Earth - our home planet

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Vital Stats

Earth is the third planet from the Sun and the first to have a moon, a common feature of all of the other planets beyond our orbit. The atmosphere reaches to about 80km above the surface, only about one-hundredth of the planet's radius, and so occupies a relatively thin band around the planet. Click to enlarge.

Earth-Moon Partnership

Earth + MoonThe Earth is accompanied by one natural satellite; the Moon. Occasionally, they pass in front of the sun, casting a shadow onto each other. These are called eclipses.

The image above was taken by the Galileo spacecraft on its way to Jupiter. Both the Earth and Moon appear as crescents. Click to enlarge. Can you work out where the Sun was?

Air To Breathe

The atmosphere is composed mainly of nitrogen (78%) and oxygen (21%), with small traces of other gases. These proportions remain fairly constant up to around 80km, but the heavy gases become rare at greater heights and only hydrogen and helium are found in the outermost regions.

The Earth's Thin Vale
Fig. 1: The Thin Atmosphere

25km above the surface, a concentrated layer of ozone (O3) exists. This ozone layer is vital to life on the planet, as it stops nearly all of the Sun's harmful ultraviolet radiation from reaching the surface. Scientists believe that we have been damaging it, increasing the risk of skin cancer.

The Earth's atmosphere contains a large amount of water vapour, although its concentration varies, and depends on the time of the year. Most is visible as clouds, extending no higher than 13km. It is in this region that the dominant weather systems are found. Above this lies a layer of warm air which holds cooler air below containing most of the water vapour, and the clouds that we see.

Click for a LIVE satellite image of Europe's weather!

aurorasBeauty in the Skies

Regions of the Earth towards the poles experience regular light shows in their night skies - the famous auroras caused by the sun. Read more.


Longitude - Dava SobelThe story of how humanity finally conquered the earth's oceans is brought to life by Dava Sobel in her best-selling book: Longitude. You can see John Harrison's solutions - clocks - at the Old Royal Greenwich Observatory in London.

Top Right ^^

Cloudless Earth?

cloudless earthThe image shows the Earth's surface as it would look without clouds. It was made from mosaic of thousands of satellite images. Click to enlarge.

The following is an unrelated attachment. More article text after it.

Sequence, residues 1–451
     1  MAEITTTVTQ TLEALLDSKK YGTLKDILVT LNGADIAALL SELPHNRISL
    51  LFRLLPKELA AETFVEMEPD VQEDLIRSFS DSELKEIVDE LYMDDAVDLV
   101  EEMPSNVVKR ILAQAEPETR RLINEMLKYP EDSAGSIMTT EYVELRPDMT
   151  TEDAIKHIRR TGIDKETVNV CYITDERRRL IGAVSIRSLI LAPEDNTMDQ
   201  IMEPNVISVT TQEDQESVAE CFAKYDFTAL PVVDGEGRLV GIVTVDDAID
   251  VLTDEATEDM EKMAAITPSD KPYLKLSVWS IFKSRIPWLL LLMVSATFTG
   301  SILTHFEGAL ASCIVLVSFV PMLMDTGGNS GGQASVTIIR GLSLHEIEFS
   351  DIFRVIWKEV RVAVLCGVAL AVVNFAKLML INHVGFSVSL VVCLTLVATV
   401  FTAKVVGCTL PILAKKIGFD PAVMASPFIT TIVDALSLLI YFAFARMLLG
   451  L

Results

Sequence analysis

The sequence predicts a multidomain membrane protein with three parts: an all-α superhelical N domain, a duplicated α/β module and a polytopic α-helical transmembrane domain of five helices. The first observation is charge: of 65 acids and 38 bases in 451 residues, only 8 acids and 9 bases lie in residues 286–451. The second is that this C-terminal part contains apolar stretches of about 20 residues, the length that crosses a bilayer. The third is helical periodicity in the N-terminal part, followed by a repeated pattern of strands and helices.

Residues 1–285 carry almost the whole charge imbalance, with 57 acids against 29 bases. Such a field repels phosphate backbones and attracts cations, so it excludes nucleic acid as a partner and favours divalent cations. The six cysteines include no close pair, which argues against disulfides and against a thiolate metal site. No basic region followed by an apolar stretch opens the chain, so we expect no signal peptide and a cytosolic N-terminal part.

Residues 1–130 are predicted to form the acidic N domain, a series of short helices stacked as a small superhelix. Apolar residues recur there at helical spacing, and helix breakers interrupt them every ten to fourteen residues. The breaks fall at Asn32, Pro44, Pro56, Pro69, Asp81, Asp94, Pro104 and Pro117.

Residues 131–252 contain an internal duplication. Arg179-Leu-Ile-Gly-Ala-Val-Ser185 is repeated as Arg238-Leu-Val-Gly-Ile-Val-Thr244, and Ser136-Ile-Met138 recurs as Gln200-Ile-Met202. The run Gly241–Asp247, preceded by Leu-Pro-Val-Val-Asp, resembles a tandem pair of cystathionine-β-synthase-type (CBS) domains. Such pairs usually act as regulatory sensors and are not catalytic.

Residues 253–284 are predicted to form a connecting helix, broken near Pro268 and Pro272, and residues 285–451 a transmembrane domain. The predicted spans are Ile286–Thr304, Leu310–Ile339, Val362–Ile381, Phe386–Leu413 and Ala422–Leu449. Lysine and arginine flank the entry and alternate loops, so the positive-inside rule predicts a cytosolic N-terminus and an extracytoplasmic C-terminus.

The Pull of Gravity

Gravity OHT

Until Newton, no-one had any real idea as to why we all walk around on the surface of the Earth, held in place by an invisible force. Newton showed that not only does it hold us in place, but it also holds the planets in orbit around the Sun.
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Active Surface

The surface of the planet has much geological activity, and is shaped by continental drifting (plate tectonics). This makes the surface relatively young. Combined with other factors, such as the atmosphere and weathering, it explains why few visible impact craters can be found. The heavily cratered surface of the moon gives a more accurate guide as to the quantity of collisions with debris making its way through the solar system. Here, surface features date back to the formation of the solar system, and have remained undisturbed due to the moon's geological inactivity.
Earth draw Draw
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The structure of the planet itself is divided into three regions: the crust which extends for roughly 7km beneath the oceans and 40km beneath the continents; the mantle which is roughly 2870km thick; and the core which accounts for the remaining 3480km.

The core is composed of two layers: the inner is solid; the outer flows. They are both composed mainly of iron, and it is convection in the molten outer layer that plays an important role in accounting for the planet's magnetic field. Interestingly, the magnetic field reverses every million years or so; north becoming south, and vice versa.


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